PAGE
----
Facebook, which has been barring false news sites from using its Audience Network for months, said the only change made this week was that the company updated its written policy Monday to specifically include “fake news” alongside gambling and adult content as websites it bans from using its ad tools.
“We do not integrate or display ads in apps or sites containing content that is illegal, misleading or deceptive, which includes fake news,” Facebook said in a statement. “Our team will continue to closely vet all prospective publishers and monitor existing ones to ensure compliance.”
Neither Google nor Facebook would specify how it would determine which websites count as fake.
Part of the challenge is that it’s not easy to distinguish between real and false information.
When email servers detect spam, the machines scan for certain keywords to flag scams and unwanted ads. That’s harder to do with false articles, because they require a contextual understanding of what’s written.
“What’s fake in the story is the message it’s conveying,” said Aram Galstyan of USC’s Information Sciences Institute. “Writing the story using the same set of words — in one case you are telling the truth, but in one case a complete lie.”
Detecting fake news stories through keywords could result in legitimate articles covering a hoax or lie also getting flagged. Machines are also not as good at understanding sarcasm, Galstyan said.
But using machines to detect fake news articles has an advantage: Unlike humans, “the computer never gets tired,” said John Nay, a Ph.D. student at Vanderbilt University and co-founder of PredictGov, which uses machine learning to predict and understand legal outcomes.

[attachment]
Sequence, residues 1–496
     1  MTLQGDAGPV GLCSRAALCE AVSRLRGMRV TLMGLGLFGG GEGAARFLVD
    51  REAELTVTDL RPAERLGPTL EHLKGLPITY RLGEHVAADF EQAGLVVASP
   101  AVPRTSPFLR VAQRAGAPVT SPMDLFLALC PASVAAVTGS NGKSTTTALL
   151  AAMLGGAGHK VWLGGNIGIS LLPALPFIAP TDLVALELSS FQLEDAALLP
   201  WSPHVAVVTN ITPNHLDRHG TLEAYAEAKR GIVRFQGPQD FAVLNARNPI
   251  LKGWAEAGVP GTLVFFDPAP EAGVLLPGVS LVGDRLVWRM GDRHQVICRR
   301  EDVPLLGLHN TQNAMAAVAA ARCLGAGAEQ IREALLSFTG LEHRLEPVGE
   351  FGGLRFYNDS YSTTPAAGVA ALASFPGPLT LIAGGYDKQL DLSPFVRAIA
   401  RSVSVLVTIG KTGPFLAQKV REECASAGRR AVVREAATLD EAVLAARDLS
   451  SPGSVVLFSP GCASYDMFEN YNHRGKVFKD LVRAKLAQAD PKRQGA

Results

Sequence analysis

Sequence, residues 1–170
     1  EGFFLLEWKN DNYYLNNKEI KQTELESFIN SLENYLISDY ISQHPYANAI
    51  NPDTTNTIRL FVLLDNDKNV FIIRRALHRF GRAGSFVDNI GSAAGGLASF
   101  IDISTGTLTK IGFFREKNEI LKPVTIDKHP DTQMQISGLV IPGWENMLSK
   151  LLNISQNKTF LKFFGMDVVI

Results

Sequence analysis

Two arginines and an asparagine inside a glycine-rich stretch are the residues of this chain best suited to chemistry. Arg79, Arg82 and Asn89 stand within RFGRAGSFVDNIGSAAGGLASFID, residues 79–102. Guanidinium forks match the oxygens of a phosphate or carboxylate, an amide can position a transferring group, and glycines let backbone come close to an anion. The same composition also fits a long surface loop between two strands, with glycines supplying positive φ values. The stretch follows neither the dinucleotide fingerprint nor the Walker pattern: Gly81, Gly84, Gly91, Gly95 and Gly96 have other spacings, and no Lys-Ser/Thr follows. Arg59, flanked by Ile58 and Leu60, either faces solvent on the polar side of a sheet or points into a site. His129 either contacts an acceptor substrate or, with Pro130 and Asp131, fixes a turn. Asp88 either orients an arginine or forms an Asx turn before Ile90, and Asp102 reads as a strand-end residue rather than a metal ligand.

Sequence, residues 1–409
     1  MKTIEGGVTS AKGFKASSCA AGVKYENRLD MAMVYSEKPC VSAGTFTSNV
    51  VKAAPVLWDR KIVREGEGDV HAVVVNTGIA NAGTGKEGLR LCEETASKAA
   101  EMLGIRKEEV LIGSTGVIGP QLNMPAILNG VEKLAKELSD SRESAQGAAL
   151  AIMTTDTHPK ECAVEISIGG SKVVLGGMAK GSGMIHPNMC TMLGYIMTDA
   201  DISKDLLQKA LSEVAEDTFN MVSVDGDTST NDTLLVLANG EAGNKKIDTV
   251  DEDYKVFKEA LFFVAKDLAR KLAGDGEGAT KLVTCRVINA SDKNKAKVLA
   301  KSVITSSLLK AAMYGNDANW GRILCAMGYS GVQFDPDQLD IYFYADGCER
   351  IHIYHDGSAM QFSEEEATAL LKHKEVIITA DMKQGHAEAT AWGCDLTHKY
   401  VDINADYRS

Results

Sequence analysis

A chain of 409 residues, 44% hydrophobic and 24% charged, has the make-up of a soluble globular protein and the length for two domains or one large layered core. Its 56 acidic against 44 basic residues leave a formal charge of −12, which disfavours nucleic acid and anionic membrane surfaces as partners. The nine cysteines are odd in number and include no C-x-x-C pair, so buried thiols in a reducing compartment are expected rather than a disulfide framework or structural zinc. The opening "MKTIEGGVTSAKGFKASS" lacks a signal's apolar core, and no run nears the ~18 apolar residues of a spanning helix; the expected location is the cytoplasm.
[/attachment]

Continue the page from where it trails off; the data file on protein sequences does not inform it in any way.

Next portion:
Galstyan believes Google may use a method that would combine the work of machines and humans to detect fake stories. The machines could flag sites that are suspected of hosting misinformation, and then humans could look at those sites and make a determination, he said.
Melissa Zimdars, an assistant professor of communication and media at Merrimack College published a list she created of fake news websites, which included parody publications like the Onion. Initially, Zimdars included about 150 websites. A day later, she said, she had received submissions of hundreds more.
As these sites are found out, the website operators may evolve, though, figuring out how to “reverse-engineer the algorithm that is used to flag the fake news” and then test new articles, Nay said. “Google likely has much better engineers than the fake news operators and will likely be slightly a step ahead in this game.”
This isn’t the first time Google has taken a stand against bad content. In 2011, Google updated its algorithm on searching that affected about 12 percent of its queries and dropped the rankings of “low-quality sites” — those that scraped information off other websites and weren’t very helpful at answering what people were looking for in their search query.
The change negatively impacted content farms that employed writers to generate large swaths of content that would appear high on search results.
“Google’s update basically was intended to demote those sites in the search rankings,” said Jan Dawson, chief analyst at research firm Jackdaw.
Fake news websites at the crux of this month’s controversy use tactics similar to the content farms of the past, experts said. The goal is to bring lots of traffic to their sites by posting it on Facebook and getting people to share it widely. As Google changes its algorithm yet again, experts say, operators will probably try to find a way around it.
“It’s an ongoing game of cat and mouse,” Dawson said. “The two keep adjusting themselves in response to each other.”
©2016 the San Francisco Chronicle Distributed by Tribune Content Agency, LLC.